Verstappen summoned to stewards for yellow flags infringement in Qatar qualifying

Max Verstappen has been summoned to see the stewards at Formula 1’s Qatar Grand Prix after allegedly ignoring double waved yellow flags on his final qualifying lap.

Verstappen summoned to stewards for yellow flags infringement in Qatar qualifying

The Red Bull driver was on his second run in Q3 and attempting to try to knock Lewis Hamilton off the pole spot when Pierre Gasly had stopped on the start-finish straight.

Having struck a kerb that ripped off the AlphaTauri's front wing and gave him a right-front puncture, Gasly had driven slowly around the final corner before stopping near the pitwall.

Verstappen passed a set of double waved yellow flags on his left before completing his lap, which ended up being a slight improvement and put him 0.455 seconds behind Hamilton.

It is unclear, however, whether the incident had triggered a yellow sector with race control – which would then flash up on Verstappen’s steering wheel.

Carlos Sainz Jr and Valtteri Bottas have also been requested to report to the stewards, each for allegedly not respecting single waved yellow flags during Q3 of qualifying in Qatar.

Verstappen's hearing with the stewards will take place at 1pm local time (10am GMT) tomorrow - four hours before the start of the Qatar GP.

The Ferrari driver’s hearing will take place at 1.30pm local time (10.30am GMT) tomorrow, and the Mercedes driver will face the stewards shortly after at 1.45pm local time (10.45am GMT).

F1’s rules on yellow flags are very strict and, according to the event notes sent by race director Michael Masi ahead of the weekend, drivers must abandon laps when double waved yellows are shown.

The event notes state: “Any driver passing through a double waved yellow marshalling sector must reduce speed significantly and be prepared to change direction or stop. In order for the stewards to be satisfied that any such driver has complied with these requirements it must be clear that he has not attempted to set a meaningful lap time, for practical purposes any driver in a double yellow sector will have that lap time deleted.”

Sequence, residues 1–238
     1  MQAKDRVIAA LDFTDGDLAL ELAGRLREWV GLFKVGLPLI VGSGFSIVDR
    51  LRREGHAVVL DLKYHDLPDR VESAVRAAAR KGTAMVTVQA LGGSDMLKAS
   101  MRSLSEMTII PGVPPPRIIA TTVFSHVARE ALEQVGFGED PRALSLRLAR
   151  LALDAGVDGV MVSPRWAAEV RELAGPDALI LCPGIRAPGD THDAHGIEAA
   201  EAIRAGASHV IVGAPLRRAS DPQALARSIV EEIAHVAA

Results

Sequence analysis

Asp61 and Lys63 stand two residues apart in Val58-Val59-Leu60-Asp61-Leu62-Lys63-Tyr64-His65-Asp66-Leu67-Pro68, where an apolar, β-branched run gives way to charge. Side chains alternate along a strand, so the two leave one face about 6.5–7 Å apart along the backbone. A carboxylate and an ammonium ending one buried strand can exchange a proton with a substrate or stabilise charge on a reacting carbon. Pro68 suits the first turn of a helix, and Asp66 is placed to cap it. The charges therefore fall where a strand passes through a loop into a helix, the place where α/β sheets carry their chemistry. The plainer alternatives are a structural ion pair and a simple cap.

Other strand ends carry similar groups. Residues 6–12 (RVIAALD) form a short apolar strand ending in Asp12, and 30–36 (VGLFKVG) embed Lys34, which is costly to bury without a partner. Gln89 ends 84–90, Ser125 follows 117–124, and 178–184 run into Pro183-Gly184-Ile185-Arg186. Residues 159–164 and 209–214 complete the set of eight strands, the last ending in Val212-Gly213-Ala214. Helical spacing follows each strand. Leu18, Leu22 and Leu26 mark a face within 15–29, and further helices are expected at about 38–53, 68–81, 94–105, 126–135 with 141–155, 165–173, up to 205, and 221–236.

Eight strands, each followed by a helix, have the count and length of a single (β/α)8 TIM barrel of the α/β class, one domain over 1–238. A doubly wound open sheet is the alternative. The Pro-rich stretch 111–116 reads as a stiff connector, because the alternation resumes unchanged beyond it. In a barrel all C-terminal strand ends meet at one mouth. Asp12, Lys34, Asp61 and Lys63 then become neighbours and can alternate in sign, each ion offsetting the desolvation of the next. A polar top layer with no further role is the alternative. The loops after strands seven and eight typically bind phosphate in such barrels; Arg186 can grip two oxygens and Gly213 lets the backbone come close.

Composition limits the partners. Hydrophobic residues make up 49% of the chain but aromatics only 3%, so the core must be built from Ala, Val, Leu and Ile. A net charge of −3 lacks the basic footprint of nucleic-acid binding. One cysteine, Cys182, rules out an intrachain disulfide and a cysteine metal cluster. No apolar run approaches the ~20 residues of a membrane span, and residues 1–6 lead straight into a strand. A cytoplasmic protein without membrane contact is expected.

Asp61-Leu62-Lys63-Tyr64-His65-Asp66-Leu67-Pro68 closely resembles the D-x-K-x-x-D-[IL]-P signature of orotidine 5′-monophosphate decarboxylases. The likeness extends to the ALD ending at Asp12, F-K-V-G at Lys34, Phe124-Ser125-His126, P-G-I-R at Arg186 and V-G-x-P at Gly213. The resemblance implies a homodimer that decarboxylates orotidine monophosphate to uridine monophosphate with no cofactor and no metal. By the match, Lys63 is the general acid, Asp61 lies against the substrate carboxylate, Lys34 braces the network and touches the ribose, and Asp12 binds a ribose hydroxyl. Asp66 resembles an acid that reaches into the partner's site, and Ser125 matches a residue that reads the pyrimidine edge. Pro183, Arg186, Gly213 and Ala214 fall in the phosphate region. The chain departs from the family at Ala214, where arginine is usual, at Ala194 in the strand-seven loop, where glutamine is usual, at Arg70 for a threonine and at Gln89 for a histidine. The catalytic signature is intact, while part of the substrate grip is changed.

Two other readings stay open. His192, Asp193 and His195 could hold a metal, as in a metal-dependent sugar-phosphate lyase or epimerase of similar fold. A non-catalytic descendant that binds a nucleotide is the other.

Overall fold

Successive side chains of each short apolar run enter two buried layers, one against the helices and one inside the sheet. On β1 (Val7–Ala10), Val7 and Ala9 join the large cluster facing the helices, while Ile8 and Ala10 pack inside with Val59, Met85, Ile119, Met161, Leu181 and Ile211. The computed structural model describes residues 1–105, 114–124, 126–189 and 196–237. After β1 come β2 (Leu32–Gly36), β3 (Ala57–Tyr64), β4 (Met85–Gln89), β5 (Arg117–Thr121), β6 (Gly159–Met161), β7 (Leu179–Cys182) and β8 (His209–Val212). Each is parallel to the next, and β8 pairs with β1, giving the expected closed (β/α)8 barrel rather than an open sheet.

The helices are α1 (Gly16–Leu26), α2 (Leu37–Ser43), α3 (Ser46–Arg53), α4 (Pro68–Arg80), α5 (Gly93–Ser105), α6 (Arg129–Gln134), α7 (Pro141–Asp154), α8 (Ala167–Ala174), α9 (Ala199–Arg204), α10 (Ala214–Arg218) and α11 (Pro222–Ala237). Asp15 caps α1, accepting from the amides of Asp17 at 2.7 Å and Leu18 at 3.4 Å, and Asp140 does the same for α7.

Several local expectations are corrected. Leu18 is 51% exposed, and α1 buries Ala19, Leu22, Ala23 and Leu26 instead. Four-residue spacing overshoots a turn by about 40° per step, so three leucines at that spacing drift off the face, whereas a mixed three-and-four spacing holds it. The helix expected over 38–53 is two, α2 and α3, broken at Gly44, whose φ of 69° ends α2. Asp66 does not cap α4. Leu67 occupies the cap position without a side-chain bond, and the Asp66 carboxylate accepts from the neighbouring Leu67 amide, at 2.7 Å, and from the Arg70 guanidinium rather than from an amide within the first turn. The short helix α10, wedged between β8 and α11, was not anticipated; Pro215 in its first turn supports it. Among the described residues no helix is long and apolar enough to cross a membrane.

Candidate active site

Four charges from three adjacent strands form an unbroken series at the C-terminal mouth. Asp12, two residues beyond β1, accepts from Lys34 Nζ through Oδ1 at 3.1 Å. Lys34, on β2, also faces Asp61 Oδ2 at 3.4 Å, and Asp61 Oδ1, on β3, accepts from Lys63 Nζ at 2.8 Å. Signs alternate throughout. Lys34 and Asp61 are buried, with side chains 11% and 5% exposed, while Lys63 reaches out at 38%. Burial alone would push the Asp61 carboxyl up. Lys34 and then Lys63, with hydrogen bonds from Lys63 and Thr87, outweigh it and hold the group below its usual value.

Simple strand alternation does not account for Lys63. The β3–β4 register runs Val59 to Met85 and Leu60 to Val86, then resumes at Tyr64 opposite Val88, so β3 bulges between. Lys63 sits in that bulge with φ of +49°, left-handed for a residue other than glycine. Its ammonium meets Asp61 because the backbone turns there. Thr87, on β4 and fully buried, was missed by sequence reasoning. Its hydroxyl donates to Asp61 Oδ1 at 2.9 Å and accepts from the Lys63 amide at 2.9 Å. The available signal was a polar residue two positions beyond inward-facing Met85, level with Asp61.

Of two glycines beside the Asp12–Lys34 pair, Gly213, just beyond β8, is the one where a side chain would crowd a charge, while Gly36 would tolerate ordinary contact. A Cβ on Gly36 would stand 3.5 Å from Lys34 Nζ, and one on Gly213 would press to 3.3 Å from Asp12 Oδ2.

For recent grands prix, the FIA has automatically deleted lap times in practice and qualifying when double waved yellows are shown – but there has been no notification about that happening for qualifying so far.

Should Verstappen be found guilty of ignoring the flags, he would lose his final lap time and could also face a grid penalty on safety grounds.

Max Verstappen, Red Bull Racing, arrives in Parc Ferme after Qualifying

Max Verstappen, Red Bull Racing, arrives in Parc Ferme after Qualifying

Photo by: Charles Coates / Motorsport Images

At the season-opening Bahrain Grand Prix, Sebastian Vettel was given a five-place grid penalty for ignoring double yellows at Turn 1 during qualifying.

Back in 2019, Verstappen was stripped of pole position at the Mexican Grand Prix after failing to slow for yellow flags right at the end of qualifying.

Speaking after qualifying, both Verstappen and Valtteri Bottas, who was running behind him on track, said they were not aware of any warning flags or any debris on the track as they finished their laps and passed Gasly's car.

Verstappen said: “I heard after the session he had damaged his front wing, but from my side it was all okay.”

Bottas added: “Same thing I heard only afterwards, and I had no yellow flags or anything."

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Mercedes boss Toto Wolff said after the session that he had seen the Verstappen video, but was happy to leave the matter up to the stewards.

It comes after Red Bull famously protested Lewis Hamilton at the 2020 Austrian Grand Prix for ignoring a yellow flag on his final qualifying lap.

Asked about the Verstappen incident, Wolff said: “I've just seen it. I've seen that he is passing a flashing light, I think a flashing red or flashing yellow light on the left.

“Then he's passing the double waved yellows and there is a standing car on the road. I guess it's a bit of a triple whammy.

“They've gone after us with a yellow flag, passing a yellow flag on the outside. It's in the stewards' hands.

“I wouldn't want to comment much more of what should happen or not happen. I think the stewards are looking at it and they need to come up with a verdict.”

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